Addiction is a type of disorder that is marked by compulsive substance abuse, even when that substance abuse creates negative consequences. This includes taking drugs—both legal and illegal—and drinking alcohol, despite negative health, financial or social consequences. It can be difficult to recognize addiction as some of the signs and symptoms are difficult pinpoint.
There is no simple check, such as a blood test, to indicate whether a person is addicted or not. Instead, experts look at a person's pattern of behavior relative to drug or alcohol intake. That can reveal whether a person is likely to be addicted. One definitive indicator is when a person tries to quit and consistently relapses. Self-denial is a very common feature of people who suffer from addiction. It is common to hear things like “I can quit anytime,” or “I know this is not doing me any good, but I like it and it's my choice.”
Addiction is almost always accompanied by dependence on drugs or alcohol. While addiction is a mental state, dependence is a physical one. Dependence arises when structural and chemical changes occur in the brain in response to long-term exposure to drugs or alcohol. When these changes have taken place, the brain needs the drugs or alcohol to function. In other words, normal functioning is dependent on the substances.
If people who are dependent stop taking drugs or alcohol, it can cause a bodily reaction known as withdrawal. The reaction can be so distressing that people abandon the effort to stay off drugs or alcohol. People can become dependent without becoming addicted1, and vice versa, although it is quite unusual for people who suffer from addiction to not be dependent as well.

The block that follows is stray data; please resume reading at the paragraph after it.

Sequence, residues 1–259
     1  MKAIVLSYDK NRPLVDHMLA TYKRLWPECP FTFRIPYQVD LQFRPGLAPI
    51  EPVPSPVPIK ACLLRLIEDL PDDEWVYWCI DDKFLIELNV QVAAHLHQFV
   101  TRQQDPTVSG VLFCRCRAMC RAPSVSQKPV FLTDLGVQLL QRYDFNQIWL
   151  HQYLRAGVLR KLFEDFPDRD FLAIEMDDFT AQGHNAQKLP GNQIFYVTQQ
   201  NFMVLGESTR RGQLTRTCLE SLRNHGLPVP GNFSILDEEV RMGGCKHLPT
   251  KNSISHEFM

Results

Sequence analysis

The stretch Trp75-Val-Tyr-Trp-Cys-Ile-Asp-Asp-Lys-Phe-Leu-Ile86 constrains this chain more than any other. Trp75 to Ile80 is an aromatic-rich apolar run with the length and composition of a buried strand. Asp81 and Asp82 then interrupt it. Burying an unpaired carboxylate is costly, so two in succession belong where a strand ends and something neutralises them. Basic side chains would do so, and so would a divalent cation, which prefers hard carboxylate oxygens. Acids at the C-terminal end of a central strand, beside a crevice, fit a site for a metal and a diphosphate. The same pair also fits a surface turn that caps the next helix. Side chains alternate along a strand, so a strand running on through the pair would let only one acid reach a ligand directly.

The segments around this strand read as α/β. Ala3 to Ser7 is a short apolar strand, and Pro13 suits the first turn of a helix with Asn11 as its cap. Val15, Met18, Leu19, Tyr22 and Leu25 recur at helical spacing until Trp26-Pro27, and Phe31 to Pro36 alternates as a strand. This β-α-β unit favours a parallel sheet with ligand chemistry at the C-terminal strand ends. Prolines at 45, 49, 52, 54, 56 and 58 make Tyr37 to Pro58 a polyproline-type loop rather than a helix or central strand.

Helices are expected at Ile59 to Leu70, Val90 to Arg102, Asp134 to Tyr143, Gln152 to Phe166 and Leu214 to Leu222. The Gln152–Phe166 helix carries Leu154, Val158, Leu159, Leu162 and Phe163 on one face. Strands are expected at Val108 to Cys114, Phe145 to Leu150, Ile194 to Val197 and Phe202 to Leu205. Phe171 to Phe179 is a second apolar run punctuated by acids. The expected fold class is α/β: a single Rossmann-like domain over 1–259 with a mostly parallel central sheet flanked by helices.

Behavior That Could Signify Addiction
Any one of the following behaviors could be signs of addiction1. The more of these behaviors people exhibit, the more likely they are to have an addiction. It is sometimes difficult to see the signs, but below are some ques to help you recognize addiction:
- Inability to control intake, where people often take more of a substance than they intended
- Performance at work or school is affected as a result of substance abuse
- Taking time off work or school to recover from taking drugs or alcohol
- Family members are concerned about a relative's drug or alcohol use
- Financial difficulties because of spending on drugs or alcohol
- Pawning or selling valuables to get money for drugs or alcohol
- Deciding on whether to attend social occasions based solely on the availability of drugs or alcohol
- Attracting the attention of the police when under the influence
- Sneaking away to use substances in secret
- Stashing substances for future use
Getting Help after you Recognize Addiction
There is help available for people with addiction problems. If you think you may have a problem, contact a high-quality treatment center. It may also help to discuss your situation with someone you trust, such as your doctor or your preacher. The sooner you look for help, the better.